PHILADELPHIA -- You always hear about how important the next minute after a goal is. The game can flip like a switch in a heartbeat. One second a team is celebrating their goal, the next they're reminded to get back in the game.
That's how the 2012 Winter Classic flipped and how the Rangers came away with the win. For the first 35 minutes or so it was all Flyers. They had the chances, they had the possession and they had the lead.
The Rangers have guys who can do that. Marian Gaborik, Brad Richards ... they both come to mind. Mike Rupp can flip momentum in a game too, but that's usually by dropping his gloves, not by dropping pucks in the other team's net.
It was Rupp's goal just 49 seconds after Matt Carle gave the Philadelphia Flyers a 2-0 lead in their (neighbor's) house. That's when the Rangers finally seem to find their footing on the patchwork outdoor ice of Citizen's Bank Park, just shy of 38 minutes into the game. Or maybe it was his Jaromir Jagr salute after the goal that juiced up the Rangers. Either way, they had life.
"The crowd's going, you're down 2-0," Rupp said after the game while sporting the Broadway Hat, the Rangers' victory token this season. "Any game that you get that next shift -- there's times where you're looking to maybe pick a fight, you're trying to get a big hit, you're trying to play in their zone -- just to change the tide a little bit. I think a goal is the best way you can but it's just trying to throw things at net and keep it simple."
That's a good way to describe it, it was simple. It wasn't a thing of beauty -- nothing that's going to make Rupp look like the scorer that he isn't -- just a wrister from the slot with a defenseman trying to close the shooting lane.
"It was a key moment of the game because they had all the momentum on their side," Rangers coach John Tortorella said. "Again, the game is a series of momentums, how quickly you get it back vs. losing it. We go down 3-0 that's tough sledding, as far as trying to come back there. We end up scoring the next goal right there and it puts you right back in."
As for that salute? Well at first Rupp didn't want to talk about it, pulling a Peter Laviolette and saying "I don't know what you're talking about" with a smirk. But it happened, and he knew it.
"No pre-thoughts, just kind of excited in the moment," Rupp said.
The Flyers and Scott Hartnell sure seemed to notice it as he appeared to be chirping at Rupp before the third period. You were thinking that's how Rupp affects a game for the better for his team, with a little tangle, not a stick and dangle.
"He [Hartnell] just wished me a happy new year and I did the same," Rupp said, leaving what's said on the ice to stay on the ice. "So, hopefully he has a good year and he wished me the same."
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Good thing for the Rangers that didn't result in a fight. It was within the next few minutes -- when Rupp would have still been serving a five-minute major if he did fight -- that he struck again.
It was Rupp again that tied things up and took us back to square one, before the lights were making an impact on the ice. His high, short-side goal somehow leaked by Flyers goaltender Sergei Bobrovsky.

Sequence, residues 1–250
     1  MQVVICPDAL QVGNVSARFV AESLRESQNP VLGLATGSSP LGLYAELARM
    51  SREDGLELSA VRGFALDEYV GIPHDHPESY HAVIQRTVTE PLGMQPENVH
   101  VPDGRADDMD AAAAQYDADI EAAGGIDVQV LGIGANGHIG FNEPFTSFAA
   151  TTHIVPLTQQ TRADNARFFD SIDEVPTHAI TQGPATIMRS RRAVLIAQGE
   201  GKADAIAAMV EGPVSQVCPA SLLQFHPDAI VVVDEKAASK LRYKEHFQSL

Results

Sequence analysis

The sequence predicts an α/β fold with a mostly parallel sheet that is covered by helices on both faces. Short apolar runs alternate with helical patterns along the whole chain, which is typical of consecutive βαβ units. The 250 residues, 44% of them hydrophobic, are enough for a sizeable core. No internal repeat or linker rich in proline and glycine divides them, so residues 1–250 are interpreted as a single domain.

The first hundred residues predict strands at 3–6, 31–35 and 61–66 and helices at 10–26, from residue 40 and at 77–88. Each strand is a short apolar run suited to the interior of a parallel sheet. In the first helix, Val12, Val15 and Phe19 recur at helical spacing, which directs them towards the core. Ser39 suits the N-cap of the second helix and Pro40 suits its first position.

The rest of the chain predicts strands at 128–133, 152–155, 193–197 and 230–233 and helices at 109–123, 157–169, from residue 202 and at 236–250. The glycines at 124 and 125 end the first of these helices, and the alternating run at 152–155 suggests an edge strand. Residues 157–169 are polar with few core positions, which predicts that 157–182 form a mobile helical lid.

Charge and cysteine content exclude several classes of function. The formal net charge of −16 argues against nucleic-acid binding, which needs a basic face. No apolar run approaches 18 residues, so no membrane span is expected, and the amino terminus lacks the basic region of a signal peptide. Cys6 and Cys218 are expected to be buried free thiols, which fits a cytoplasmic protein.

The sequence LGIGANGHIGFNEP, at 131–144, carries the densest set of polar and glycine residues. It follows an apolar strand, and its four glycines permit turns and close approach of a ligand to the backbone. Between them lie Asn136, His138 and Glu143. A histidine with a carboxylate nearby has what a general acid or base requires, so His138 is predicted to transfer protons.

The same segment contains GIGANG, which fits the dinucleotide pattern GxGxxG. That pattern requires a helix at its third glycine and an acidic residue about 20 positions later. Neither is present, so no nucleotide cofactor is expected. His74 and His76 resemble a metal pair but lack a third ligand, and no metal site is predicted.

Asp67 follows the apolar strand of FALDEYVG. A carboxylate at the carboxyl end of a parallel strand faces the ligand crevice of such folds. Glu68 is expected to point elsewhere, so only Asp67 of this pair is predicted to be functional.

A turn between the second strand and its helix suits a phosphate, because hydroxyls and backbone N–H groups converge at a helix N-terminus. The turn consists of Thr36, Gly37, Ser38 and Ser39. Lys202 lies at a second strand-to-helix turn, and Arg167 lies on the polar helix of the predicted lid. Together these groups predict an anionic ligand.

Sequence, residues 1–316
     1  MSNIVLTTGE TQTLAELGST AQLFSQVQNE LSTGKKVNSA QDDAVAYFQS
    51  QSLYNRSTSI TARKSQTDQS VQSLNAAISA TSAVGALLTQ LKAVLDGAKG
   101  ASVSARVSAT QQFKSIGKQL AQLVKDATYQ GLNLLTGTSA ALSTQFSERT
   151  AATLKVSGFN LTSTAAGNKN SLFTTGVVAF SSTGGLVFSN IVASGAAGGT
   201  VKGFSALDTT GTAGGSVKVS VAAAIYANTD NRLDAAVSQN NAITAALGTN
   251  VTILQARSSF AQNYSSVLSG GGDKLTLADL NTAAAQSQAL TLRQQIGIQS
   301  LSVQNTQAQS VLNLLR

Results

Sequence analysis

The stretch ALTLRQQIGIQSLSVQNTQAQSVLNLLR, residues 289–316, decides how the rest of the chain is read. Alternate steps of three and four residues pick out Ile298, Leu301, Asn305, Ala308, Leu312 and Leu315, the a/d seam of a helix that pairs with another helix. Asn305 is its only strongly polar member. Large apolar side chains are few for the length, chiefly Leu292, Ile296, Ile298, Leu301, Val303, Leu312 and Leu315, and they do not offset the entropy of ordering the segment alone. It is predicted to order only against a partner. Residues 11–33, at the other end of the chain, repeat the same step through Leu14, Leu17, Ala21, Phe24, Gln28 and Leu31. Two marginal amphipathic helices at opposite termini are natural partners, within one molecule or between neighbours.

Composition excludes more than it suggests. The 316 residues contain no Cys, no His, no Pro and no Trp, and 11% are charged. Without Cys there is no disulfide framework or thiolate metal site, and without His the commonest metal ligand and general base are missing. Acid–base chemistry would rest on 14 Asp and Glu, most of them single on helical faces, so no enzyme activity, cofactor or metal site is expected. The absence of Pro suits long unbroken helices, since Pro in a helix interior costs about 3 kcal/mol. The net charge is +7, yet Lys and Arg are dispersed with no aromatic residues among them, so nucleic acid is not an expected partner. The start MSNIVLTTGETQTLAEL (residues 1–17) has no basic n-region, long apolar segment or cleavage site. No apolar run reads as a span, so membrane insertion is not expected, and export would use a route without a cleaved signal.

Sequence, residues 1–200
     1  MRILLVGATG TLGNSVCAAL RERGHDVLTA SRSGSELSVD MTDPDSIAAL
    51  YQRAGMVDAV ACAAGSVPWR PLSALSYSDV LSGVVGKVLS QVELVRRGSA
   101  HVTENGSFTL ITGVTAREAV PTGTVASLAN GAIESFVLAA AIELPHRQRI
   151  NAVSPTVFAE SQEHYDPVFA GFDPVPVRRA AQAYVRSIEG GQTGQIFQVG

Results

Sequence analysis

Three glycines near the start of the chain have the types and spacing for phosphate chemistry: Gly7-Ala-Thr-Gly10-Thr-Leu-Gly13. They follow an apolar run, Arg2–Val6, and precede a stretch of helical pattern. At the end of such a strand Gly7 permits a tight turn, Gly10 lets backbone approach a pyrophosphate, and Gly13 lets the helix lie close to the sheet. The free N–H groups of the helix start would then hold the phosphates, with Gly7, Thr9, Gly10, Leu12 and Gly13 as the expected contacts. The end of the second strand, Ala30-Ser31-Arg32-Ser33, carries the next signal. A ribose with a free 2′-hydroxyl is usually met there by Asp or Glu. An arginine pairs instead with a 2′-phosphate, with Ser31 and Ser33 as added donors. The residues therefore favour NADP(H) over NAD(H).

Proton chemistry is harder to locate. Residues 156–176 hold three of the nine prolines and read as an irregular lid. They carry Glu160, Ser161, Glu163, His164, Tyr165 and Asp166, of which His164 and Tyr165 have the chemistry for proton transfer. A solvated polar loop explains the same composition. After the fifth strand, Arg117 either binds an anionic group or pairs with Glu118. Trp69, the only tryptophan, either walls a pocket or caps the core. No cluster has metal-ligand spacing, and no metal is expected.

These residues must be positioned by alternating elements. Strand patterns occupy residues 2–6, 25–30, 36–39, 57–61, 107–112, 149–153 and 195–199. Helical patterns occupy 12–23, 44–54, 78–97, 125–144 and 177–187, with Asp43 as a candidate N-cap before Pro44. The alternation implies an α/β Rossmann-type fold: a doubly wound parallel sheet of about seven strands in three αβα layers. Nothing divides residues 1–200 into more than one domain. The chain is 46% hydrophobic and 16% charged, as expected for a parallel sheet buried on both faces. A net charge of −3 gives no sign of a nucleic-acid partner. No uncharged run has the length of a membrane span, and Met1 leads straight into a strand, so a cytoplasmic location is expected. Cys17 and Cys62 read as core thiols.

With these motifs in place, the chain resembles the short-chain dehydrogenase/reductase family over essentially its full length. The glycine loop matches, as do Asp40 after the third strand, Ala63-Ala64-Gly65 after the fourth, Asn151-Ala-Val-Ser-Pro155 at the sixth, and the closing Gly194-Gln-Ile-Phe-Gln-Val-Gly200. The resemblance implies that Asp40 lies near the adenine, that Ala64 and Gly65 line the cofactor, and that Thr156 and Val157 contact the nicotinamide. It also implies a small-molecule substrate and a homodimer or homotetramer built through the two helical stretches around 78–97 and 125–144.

From there it was all Rangers, save for the final two-minute flurry from the Flyers after the flurries had finished falling at Citizen's Bank Park.
"We've been a good third period team all year long," Tortorella said. "We just wanted to just try to get pucks to the net and grind away. I thought we really started grinding -- and really in the conditions that's the only way you're going to be able to play. It suited well for us. I don't think we did a good job in the first half but I think we found ourselves as it went on."
As big as that first goal for Rupp was, the key to this game for New York might well have been the first period. The ice was tilted -- against the wind, mind you -- in favor of the Flyers. They dominated play. It was all Philly. Still, the Rangers took the long walk back to the clubhouse through the third base dugout at a 0-0 tie. The Flyers had some very good chances to notch the first goal then but couldn't get it in.
That won't be as obvious of a key to victory as Rupp's two goals, but it certainly was.
"Early on in the first period there a couple breakaways, some breakdowns, he makes the saves there," Tortorella said. "He was put right on the center stage there and answered."
Lundqvist is used to center stage. He owns center stage. But Rupp? It's not often he gets to have the leading role. That would explain his humility with the Broadway Hat on. Either that or he was really humiliated. Artem Anisimov interrupted his interview after the game and asked 'Why they give you Broadway Hat?"
"Just wanted to see how dumb I look because it doesn't fit," Rupp responded. "Good question."
It might have looked dumb, but it had to feel great. The whole thing had to feel great, really. From playing in the Winter Classic again and getting the snow he wished for last year -- albeit briefly -- to scoring two goals, his first two since returning from injury.
"It was a great experience again and it feels good to win this time," Rupp said, referring to last year's Winter Classic loss while a member of the Pittsburgh Penguins. "I just got to shoot the puck twice and fortunately it went in.
"You want to contribute; I was able to tonight so it felt good."
Photo: Getty Images